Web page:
[Invited Talk] Refining action segmentation with hierarchical video representations

Presenter: Hyemin Ahn, German Aerospace Center; Time: 4:00pm, Friday (2021/08/13); Location: Online meeting on Zoom (ID: 568 097 6074, PW: 243175)

Abstract

In this talk, we introduce Hierarchical Action Segmentation Refiner (HASR), which can refine temporal action segmentation results from various models by understanding the overall context of a given video in a hierarchical way. When a backbone model for action segmentation estimates how the given video can be segmented, our model extracts segment-level representations based on frame-level features, and extracts a video-level representation based on the segment-level representations. Based on these hierarchical representations, our model can refer to the overall context of the entire video, and predict how the segment labels that are out of context should be corrected. Our HASR can be plugged into various action segmentation models (MS-TCN, SSTDA, ASRF), and improve the performance of state-of-the-art models based on three challenging datasets (GTEA, 50Salads, and Breakfast). For example, in 50Salads dataset, the segmental edit score improves from 67.9% to 77.4% (MS-TCN), from 75.8% to 77.3% (SSTDA), from 79.3% to 81.0% (ASRF). In addition, our model can refine the segmentation result from the unseen backbone model, which has not been referred to during training HASR. This generalization performance would make HASR be an effective tool for boosting up the existing approaches for temporal action segmentation.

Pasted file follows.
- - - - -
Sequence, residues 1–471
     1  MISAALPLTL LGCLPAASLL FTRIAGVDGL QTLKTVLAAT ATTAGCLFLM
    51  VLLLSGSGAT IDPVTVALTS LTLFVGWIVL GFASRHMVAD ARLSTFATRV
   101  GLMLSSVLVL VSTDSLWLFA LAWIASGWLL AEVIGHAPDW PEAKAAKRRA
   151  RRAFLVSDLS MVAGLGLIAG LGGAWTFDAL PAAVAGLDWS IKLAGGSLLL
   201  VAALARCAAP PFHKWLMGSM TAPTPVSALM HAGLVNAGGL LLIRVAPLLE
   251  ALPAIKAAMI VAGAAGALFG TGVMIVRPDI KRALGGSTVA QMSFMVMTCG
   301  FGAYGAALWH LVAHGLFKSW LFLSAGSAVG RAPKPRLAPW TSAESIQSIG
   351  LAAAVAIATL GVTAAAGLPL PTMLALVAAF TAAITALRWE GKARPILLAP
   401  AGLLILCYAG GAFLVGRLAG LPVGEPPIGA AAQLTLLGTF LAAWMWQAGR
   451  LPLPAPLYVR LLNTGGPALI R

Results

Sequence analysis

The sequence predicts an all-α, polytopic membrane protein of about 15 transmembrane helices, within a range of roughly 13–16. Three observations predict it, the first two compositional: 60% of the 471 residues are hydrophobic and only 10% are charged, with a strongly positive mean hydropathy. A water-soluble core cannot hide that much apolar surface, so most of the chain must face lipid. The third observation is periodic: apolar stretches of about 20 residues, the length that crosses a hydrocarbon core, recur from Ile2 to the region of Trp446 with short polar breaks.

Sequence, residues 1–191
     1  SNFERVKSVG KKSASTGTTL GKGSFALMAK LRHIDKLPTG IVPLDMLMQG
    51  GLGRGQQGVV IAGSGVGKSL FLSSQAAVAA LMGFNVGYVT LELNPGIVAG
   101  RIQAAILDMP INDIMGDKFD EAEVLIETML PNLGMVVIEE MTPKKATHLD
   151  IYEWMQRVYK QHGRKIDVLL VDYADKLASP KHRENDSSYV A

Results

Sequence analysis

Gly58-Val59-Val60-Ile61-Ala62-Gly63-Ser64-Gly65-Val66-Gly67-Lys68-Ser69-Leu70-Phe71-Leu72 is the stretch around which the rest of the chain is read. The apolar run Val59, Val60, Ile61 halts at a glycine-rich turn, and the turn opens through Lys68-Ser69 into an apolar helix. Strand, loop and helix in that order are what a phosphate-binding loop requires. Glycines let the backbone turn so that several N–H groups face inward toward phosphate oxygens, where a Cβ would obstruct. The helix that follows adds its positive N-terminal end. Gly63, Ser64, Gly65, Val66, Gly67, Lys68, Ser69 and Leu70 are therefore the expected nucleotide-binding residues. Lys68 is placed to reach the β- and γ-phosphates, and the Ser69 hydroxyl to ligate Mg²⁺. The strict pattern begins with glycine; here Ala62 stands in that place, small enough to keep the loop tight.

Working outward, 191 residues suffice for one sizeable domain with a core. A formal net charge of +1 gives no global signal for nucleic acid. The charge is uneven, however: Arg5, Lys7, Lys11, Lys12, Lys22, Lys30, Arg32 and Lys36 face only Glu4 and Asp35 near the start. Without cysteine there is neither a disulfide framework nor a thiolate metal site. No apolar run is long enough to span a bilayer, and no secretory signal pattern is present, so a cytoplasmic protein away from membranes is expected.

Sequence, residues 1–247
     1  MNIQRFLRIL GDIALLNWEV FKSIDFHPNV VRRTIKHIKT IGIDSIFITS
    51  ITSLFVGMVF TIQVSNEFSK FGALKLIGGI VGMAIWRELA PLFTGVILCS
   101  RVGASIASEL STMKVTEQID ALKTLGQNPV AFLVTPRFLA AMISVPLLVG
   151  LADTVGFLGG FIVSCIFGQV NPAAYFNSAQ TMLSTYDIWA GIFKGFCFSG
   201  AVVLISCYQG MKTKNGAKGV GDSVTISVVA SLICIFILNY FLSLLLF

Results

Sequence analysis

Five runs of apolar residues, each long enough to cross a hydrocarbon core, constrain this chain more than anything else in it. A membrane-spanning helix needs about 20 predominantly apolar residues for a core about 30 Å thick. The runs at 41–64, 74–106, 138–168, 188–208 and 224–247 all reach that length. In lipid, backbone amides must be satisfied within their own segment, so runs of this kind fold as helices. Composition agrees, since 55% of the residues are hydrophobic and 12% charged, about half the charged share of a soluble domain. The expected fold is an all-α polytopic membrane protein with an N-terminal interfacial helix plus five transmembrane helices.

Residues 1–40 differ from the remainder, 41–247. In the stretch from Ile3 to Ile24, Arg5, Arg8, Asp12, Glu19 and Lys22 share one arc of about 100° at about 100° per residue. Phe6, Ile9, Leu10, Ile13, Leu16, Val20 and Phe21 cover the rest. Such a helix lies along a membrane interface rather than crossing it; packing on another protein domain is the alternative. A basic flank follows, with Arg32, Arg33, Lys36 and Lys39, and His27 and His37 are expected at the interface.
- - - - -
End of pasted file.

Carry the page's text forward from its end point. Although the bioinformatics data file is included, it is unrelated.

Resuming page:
Biography

Hyemin Ahn received the Ph.D. degree in the Department of Electrical and Computer Engineering from Seoul National University, Seoul, Korea in 2020. She received the B.S. degree in the Department of Electrical and Electronics Engineering from Seoul National University in 2014. She is currently a Postdoctoral Researcher in Robotics and Mechatronics Center at German Aerospace Center. Her research interests include human-centered assistive robotics and deep learning based perception.